By Tahar Ben Jelloun, the winner of France’s Goncourt Prize for “The Sacred Night,’’ is the author, most recently, of “The Last Friend.’’ This article was translated by The Times from the French (THE NEW YORK TIMES, 03/09/06):
INSTALLED at his regular table at his regular cafe in Cairo, a daily rendezvous that only illness could cancel, Naguib Mahfouz observed the anonymous crowd swarming the city streets with an eye that was tolerant, humane, sometimes ironic or arch, but never malicious. He was the voice and the memory of these lives, complex, small, grandiose, magnificent or modest — from the students who came to consult him to the waiters who served him his habitual coffee.
Balzac said that because the novel is the private history of nations, a real novelist must be able to plumb the depths of society. Mr. Mahfouz fit this description perfectly. You can’t understand Egypt without Mr. Mahfouz — without his characters, with whom every reader, Arab or not, can identify. In the days since his death, many have noted how Mr. Mahfouz helped Western readers understand the Arab world. But perhaps even more important, he helped the Arab world understand itself.
Before Mr. Mahfouz, the novel as literature — literature as map to understanding — was not part of Arab culture. In fact, until the beginning of the 20th century, Arabs didn’t write novels, in large measure because Arab society didn’t recognize the individual. Only in 1914, with “Zainab,” by Hussein Haykal, published as a serial, did what is considered the first real Arabic novel appear.
And it really wasn’t until the 1950’s, and the publication of Mr. Mahfouz’s “Cairo Trilogy,” that the Arab novel arrived as a major genre of literature. In the trilogy — “Palace Walk,’’ “Palace of Desire” and “Sugar Street” — Mr. Mahfouz described the lives of three generations of a family that stood in for a country making an epic transition of its own, from tradition to a halting form of modernity.
From a Western perspective, it is difficult, I imagine, to understand the cultural power these novels exerted. Even before Mr. Mahfouz won the Nobel Prize in 1988, the trilogy had the effect of liberating a generation of Arab writers. Young writers like Haydar Haydar and Fadhil al-Azzawi didn’t write like Mr. Mahfouz, but his books and his stature gave them the confidence to persevere in examining everyday life.
In his own generation, there is Yahya Haqqi, whose 1954 work “Good Morning!,” about an isolated Egyptian village’s passage into modern life, is a milestone in the history of the Arabic novel. There are also Taha Hussein and Tawfik al-Hakim, two important observers of their society who critiqued Western culture.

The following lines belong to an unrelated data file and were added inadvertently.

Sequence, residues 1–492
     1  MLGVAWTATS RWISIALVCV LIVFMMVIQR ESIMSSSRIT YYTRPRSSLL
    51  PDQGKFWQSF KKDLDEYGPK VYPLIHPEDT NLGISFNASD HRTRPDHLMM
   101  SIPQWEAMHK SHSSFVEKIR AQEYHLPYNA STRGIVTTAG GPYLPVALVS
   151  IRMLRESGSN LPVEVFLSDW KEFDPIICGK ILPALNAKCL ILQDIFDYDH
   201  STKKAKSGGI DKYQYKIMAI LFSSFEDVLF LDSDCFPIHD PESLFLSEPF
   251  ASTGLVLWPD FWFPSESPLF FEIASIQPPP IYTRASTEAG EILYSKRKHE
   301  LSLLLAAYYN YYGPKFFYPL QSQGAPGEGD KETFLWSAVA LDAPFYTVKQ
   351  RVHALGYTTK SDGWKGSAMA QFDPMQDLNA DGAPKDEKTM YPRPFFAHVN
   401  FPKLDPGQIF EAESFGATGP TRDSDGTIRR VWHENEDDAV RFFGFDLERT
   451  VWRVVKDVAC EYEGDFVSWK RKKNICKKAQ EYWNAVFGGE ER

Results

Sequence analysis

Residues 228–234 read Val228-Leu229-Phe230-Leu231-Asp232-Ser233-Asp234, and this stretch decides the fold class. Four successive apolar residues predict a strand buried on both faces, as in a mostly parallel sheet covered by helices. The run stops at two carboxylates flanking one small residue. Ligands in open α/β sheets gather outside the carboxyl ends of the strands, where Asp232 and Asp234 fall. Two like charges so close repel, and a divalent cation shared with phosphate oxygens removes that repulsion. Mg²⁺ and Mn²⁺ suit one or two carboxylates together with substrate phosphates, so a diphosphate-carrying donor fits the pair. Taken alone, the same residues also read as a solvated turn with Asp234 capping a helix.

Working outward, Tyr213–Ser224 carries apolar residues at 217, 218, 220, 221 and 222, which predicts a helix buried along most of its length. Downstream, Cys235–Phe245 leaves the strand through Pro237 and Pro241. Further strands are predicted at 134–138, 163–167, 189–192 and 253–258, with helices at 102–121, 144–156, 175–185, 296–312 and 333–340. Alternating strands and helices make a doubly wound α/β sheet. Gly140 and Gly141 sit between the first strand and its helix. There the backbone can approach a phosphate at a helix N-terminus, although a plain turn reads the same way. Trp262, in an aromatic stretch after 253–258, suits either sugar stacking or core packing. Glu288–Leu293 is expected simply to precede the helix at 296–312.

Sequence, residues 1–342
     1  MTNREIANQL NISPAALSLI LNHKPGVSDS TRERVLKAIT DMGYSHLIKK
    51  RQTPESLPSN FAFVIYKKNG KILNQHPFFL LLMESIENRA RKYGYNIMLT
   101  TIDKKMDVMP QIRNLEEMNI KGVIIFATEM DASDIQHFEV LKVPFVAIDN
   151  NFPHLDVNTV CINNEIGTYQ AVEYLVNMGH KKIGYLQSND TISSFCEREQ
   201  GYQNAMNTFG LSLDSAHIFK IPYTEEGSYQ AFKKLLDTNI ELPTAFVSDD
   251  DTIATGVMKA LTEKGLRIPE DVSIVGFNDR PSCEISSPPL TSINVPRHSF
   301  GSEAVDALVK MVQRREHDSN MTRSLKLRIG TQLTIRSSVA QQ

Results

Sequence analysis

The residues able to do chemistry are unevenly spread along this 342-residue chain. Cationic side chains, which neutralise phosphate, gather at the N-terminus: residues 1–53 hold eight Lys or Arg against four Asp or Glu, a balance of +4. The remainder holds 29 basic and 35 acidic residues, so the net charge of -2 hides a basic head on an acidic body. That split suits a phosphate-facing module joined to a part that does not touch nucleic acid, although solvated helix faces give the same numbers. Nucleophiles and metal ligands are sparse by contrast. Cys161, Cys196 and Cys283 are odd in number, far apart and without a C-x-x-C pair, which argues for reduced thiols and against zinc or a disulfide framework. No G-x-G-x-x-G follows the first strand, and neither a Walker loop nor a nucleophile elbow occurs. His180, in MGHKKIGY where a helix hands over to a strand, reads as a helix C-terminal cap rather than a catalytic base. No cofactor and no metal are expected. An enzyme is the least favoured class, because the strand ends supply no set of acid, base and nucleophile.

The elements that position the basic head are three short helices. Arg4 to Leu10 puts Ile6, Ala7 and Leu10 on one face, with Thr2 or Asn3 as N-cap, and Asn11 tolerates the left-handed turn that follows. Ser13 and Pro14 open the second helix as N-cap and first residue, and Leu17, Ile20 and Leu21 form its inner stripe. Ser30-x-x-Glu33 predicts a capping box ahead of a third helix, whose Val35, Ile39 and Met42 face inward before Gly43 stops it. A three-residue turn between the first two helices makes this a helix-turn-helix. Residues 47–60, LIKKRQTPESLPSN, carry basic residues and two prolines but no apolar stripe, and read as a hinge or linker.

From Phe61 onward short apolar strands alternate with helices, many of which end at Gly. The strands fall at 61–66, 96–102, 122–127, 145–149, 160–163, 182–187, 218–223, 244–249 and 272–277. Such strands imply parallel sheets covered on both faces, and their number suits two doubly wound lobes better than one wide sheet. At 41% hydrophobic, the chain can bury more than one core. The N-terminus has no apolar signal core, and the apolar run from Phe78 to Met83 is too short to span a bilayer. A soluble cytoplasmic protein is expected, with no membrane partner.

Like the characters in his novels, Mr. Mahfouz found himself at times trapped between tradition and modernity. His 1959 book “Children of the Alley,” which was not anti-Islamic but took liberties with the histories of the founders of the three monotheistic religions, was condemned by clerics, and after they complained to President Gamel Abdel Nasser, Mr. Mahfouz promised to not allow its future publication. (To Mr. Mahfouz’s dismay, a pirated edition of the book showed up on the sidewalks of Cairo.)
His relationship with Islamic militants continued to be an uneasy one. In 1994, they tried to stab him to death. Still, he had no hatred for them. He knew that their actions were dictated by ignorance, and as he said from his hospital bed, they had nothing to do with Islam. He hated conflict and supported the 1979 peace accords with Israel, a stance that led to boycotts or bans of his books in some Arab nations.
Mr. Mahfouz tried all styles of writing, including experimental novels. This amused him. His language, classical and conservative at first, became more inventive, incorporating what he heard in his neighborhood, which he never left. He didn’t travel. It’s said that he left Cairo once or twice, no more. He was an immobile voyager, an explorer of the human soul seated in a cafe.
It’s also been said that Mr. Mahfouz was a realistic novelist. This is not the case. Realism doesn’t exist, because life, especially life in Cairo, is itself a fiction, unfathomable, inexhaustible, where drama jostles with comedy, where tears run from joy or chagrin. Mr. Mahfouz didn’t have to invent situations or characters; it was sufficient for him to observe the people around him.
In “Sugar Street,” the death of a main character is signaled in a few words: “The master has left the house.” The same words apply today, to Naguib Mahfouz, master of the Arabic novel.